19.11.2021 – In a major study, a research group at Inselspital, Bern University Hospital and the University of Bern investigated atrial fibrillation (AF) in people with and without diabetes. Patients with diabetes were found to have significantly more frequent, silent (asymptomatic) atrial fibrillation.
Cardiovascular problems such as hypertension, myocardial infarction, and stroke occur more frequently in diabetic patients with atrial fibrillation and the quality of life is poorer. Because of the more frequent, asymptomatic atrial fibrillation and more severe concomitant diseases, the researchers raise the question of whether patients with diabetes should be systematically screened for atrial fibrillation.
Atrial fibrillation is the most common cardiac arrhythmia. In people under 40 years of age, it occurs in about 5 out of 1000 people. This figure rises to more than 100 per thousand in persons over 80 years of age. Atrial fibrillation is categorized into phenotypes according to the duration of occurrence (only transiently present or persisting) as well as the perception by the affected person (symptomatic / asymptomatic). It is well known that diabetes is a risk factor for cardiovascular disease and for neurological disease. It was unclear how the different phenotypes of atrial fibrillation occur in individuals with or without diabetes. The research team further investigated concomitant cardiovascular/neurological diseases (comorbidities) and collected data on the quality of life.
Patients usually notice atrial fibrillation because of an irregular and rapid heartbeat. Much to the surprise of the researchers, however, the study showed that atrial fibrillation occurs much more often unnoticed, meaning without clear symptoms, in people with diabetes than in the comparison group. First author PD Dr. Arjola Bano, researcher at the Institute of Social and Preventive Medicine at the University of Bern and the Department of Cardiology at Inselspital clarifies: “This result is important for those affected, for it can be assumed that atrial fibrillation in people with diabetes might be overlooked or not examined. This means that the necessary preventive measures, such as blood thinning, cannot be initiated in time. The risk of consequential damage, for example, a stroke, increases.”
The group with diabetes is characterized by an increased proportion of people with high blood pressure, heart attack (myocardial infarction) and heart failure. More specifically, individuals on insulin therapy, i.e., with an advanced, severe form of diabetes, suffered heart attacks and heart failure more frequently.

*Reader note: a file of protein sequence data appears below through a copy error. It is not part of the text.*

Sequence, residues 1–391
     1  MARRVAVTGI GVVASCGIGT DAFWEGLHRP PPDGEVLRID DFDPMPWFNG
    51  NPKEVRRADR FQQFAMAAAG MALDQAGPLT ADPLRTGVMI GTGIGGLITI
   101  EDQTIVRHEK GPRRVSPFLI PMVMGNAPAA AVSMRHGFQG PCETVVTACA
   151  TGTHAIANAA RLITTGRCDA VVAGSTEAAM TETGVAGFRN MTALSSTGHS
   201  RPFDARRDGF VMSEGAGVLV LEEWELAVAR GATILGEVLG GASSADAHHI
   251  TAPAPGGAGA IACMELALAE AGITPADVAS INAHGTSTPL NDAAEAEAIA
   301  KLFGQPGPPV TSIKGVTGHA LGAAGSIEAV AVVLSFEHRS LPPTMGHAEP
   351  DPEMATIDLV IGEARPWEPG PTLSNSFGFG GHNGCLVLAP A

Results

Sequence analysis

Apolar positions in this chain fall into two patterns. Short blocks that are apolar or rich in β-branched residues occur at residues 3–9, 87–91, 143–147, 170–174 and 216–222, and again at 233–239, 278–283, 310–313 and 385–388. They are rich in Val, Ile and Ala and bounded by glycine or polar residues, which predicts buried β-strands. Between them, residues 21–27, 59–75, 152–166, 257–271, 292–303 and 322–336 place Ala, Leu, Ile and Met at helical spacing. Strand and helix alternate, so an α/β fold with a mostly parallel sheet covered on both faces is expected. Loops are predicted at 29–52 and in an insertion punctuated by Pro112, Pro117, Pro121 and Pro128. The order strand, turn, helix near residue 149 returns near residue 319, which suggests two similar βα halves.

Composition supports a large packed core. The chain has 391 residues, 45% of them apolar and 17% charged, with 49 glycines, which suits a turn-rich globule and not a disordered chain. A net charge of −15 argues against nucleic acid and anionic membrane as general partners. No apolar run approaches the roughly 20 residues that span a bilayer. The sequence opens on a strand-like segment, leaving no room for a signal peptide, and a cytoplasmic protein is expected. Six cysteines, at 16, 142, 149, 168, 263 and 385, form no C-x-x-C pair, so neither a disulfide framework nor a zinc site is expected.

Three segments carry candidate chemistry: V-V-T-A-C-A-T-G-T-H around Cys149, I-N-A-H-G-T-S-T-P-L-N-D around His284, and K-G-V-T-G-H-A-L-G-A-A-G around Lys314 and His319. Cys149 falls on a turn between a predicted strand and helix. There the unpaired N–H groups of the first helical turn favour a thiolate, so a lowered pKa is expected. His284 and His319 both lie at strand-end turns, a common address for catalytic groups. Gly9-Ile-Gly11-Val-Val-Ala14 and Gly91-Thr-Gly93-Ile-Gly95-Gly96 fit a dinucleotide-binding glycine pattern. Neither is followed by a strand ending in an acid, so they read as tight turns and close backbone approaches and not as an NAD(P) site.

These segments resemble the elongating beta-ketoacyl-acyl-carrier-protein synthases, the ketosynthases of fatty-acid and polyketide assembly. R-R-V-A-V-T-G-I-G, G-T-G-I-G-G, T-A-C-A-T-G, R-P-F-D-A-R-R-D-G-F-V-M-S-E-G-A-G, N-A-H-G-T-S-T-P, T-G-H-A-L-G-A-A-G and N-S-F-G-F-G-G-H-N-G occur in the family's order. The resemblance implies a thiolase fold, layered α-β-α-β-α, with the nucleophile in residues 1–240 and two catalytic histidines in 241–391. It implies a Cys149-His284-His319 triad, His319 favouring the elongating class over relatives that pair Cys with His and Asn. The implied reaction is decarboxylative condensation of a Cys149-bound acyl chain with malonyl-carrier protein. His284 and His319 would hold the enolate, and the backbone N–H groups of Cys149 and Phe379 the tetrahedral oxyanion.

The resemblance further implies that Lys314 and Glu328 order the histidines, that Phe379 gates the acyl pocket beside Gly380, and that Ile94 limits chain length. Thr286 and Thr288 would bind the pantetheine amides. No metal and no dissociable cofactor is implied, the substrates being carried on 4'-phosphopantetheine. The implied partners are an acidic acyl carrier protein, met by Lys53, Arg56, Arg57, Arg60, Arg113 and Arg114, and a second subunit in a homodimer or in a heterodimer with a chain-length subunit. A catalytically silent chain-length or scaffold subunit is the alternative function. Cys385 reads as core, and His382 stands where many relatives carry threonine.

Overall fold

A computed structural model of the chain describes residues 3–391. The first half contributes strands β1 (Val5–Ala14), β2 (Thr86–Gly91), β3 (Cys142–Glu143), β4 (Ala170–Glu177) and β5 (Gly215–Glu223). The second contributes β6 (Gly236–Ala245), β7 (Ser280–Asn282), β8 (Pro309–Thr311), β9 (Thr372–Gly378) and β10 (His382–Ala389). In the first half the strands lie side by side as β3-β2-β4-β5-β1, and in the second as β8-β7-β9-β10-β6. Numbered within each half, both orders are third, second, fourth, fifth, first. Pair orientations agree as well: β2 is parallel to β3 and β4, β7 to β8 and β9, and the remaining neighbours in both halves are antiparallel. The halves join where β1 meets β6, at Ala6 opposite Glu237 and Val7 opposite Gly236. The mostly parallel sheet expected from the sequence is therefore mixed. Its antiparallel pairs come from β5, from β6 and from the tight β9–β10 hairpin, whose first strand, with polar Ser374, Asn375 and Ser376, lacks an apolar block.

Neurological problems also showed a similar result. Compared with non-diabetics, people with diabetes suffered a stroke and brain damage more often.
This analysis from the Swiss-AF study, supported by the Swiss National Science Foundation, evaluated 2411 individuals with AF and complete data on symptoms, quality of life and neurological comorbidities. A total of 420 patients (17.4%) had a diagnosis of diabetes. The mean age was approximately 73 years.
The present publication underlines the importance of interdisciplinary work. Diabetes is increasingly proving to be a crucial component of numerous diseases. Although the blood sugar disease has been known for a very long time – we are celebrating 100 years since the discovery of insulin – numerous new findings have been added recently. Prof. Dr. Christoph Stettler, Director and Chief Physician, Department for Diabetology, Endocrinology and Metabolism (UDEM) states: “Inselspital has greatly intensified research in the field of diabetes over the last five years. If future studies confirm the hypothesis, that asymptomatic atrial fibrillation occurs more often in people with diabetes, novel strategies to systematically detect atrial fibrillation at an earlier time-point would be needed.”
The innovative approach of the study was to separately investigate the phenotypes of atrial fibrillation in the group of diabetic patients. Study leader Prof. Dr. med. Tobias Reichlin, Deputy Chief Physician, Department of Cardiology, explains: “The collaboration between the fields of cardiology, general internal medicine, neurology and diabetology not only yields new scientific findings, but above all practical benefits for patients. A follow-up study in diabetic patients with implantable cardiac monitors as ongoing screening for atrial fibrillation could give us further insights into the disease and, above all, possible treatments.”